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Endofunctions on a set $X$ form a monoid $End(X)$, which is - as every monoid - a category with a single object $X$.

There seems (to me) to be another conceivable category $E$ of endofunctions on $X$:

Consider as objects of $E$ the elements of $X$. Consider as morphisms of $E$ the ordered pairs $(x,f)$ with $x \in X$ and $f: X \rightarrow X$.

  • The source of $(x,f)$ is $x$, the target of $(x,f)$ is $fx$.

  • Composition: $(x,f)\circ(y,g) = (y,f\circ g)$
    (if defined, i.e. if $x = gy$)

  • Identities: $\text{id}_x = (x,\text{id})$

Such an "endocategory" $E$ has - among others - the following characteristics;

  • Each object has the same number of out-arrows ("$|X|^{|X|}$").

  • There is an obvious equivalence relation between the morphisms: $(x,f) \simeq (x',f')$ iff $f = f'$.

Question 1: Can this equivalence relation be defined categorically ("by dots and arrows") for an endocategory $E$?

Question 2: Where and under which name do endocategories play a role? Are they of any interest?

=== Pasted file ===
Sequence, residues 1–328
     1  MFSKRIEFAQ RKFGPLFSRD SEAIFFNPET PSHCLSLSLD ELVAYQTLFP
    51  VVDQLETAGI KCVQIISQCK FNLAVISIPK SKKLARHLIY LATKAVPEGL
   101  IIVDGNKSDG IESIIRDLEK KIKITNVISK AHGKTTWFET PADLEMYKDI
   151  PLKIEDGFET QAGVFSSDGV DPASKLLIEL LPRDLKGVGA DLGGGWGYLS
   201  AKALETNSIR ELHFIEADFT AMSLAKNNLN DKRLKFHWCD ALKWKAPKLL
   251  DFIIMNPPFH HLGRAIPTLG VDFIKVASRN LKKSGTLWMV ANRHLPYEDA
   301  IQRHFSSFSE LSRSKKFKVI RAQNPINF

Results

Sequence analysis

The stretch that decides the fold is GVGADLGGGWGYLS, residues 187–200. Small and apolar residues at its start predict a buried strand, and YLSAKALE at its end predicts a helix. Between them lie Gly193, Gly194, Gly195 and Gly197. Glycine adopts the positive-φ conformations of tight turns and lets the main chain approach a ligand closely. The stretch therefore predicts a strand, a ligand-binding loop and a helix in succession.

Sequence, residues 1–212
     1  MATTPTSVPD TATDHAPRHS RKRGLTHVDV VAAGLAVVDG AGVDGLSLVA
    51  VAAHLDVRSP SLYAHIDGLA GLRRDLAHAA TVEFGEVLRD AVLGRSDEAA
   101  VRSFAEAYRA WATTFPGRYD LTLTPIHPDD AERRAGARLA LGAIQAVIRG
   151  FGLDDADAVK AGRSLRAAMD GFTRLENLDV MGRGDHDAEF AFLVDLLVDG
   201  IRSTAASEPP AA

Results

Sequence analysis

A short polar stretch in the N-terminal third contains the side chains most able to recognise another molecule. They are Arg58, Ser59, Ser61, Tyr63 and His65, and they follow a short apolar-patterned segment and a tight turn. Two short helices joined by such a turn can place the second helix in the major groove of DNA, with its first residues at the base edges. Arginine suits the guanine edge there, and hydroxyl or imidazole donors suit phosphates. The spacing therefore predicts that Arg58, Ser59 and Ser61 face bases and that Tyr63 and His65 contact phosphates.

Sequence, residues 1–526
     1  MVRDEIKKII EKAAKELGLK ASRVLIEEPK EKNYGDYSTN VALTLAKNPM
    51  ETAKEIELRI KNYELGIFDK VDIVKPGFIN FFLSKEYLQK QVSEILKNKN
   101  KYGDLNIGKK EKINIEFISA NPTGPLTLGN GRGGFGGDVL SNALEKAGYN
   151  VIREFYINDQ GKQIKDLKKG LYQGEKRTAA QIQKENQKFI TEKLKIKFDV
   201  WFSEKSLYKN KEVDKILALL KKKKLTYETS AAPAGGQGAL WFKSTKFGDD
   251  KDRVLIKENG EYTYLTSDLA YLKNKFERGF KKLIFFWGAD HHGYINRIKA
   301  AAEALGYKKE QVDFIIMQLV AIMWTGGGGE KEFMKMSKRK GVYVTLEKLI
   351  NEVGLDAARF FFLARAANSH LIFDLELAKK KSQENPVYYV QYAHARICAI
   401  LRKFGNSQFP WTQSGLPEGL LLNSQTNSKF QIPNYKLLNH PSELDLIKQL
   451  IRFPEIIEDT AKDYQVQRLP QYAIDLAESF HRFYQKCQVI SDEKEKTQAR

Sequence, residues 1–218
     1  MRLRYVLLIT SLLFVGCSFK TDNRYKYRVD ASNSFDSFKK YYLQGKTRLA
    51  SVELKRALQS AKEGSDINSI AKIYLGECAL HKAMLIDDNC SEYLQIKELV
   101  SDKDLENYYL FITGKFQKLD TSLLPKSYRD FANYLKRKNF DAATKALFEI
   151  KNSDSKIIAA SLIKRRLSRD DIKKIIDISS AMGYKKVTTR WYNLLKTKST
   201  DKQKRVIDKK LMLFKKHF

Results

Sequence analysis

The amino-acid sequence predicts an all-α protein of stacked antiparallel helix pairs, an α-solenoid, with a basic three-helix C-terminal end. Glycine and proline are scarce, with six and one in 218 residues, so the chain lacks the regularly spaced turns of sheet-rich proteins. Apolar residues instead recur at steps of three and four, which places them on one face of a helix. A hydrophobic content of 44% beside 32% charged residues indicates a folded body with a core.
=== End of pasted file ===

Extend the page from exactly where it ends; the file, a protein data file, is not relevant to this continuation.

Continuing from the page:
Question 3: How can endocategories be characterized?

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I think this category isn't really interesting. All objects are isomorphic. There are lots of morphisms. And after all, we only input a set. Probably more interesting categories arise when we start with an object $X$ of an interesting category, choose some of the various meanings of "element" (mathoverflow.net/questions/98139) and see what happens. When $x,y$ are elements of $X$, then they are isomorphic in the endocategory if there is an automorphism $f : X \to X$ mapping $f(x)=y$. Thus we end up with orbits of $\mathrm{Aut}(X)$. –  Martin Brandenburg Oct 22 '12 at 10:25
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This is basically the category of elements of the canonical copresheaf on the monoid $\textrm{End}(X)$. –  Zhen Lin Oct 22 '12 at 18:54
    
@Martin: Why is this category less interesting than End(X), or vice versa: why is End(X) more interesting? –  Hans Stricker Oct 22 '12 at 20:24
    
Consider the category $Set_{\ast}$ of pointed sets (i.e. pairs $(X,x)$ where $x \in X$ and morphisms preserve the distinguished element). For any fixed set $X$, the subcategory of $Set_{\ast}$ where objects are pairs $(X,x)$ for all $x$ is effectively the endocategory of $X$. –  sdcvvc Oct 23 '12 at 12:24

1 Answer 1

I can only answer your first question. As to that, the equivalence relation cannot be defined without reference to the labels on your arrows. Given one arrow $f_x: x\mapsto y,$ I'd like to match it to exactly one element of $\hom_E(z,w)$. Yet every such arrow combines with $f_x$ to define $|X|^{|X|-2}$ different functions, with $|X|-2=|X|$ if $|X|$ is infinite. That is, the classification problem isn't well-posed at all.

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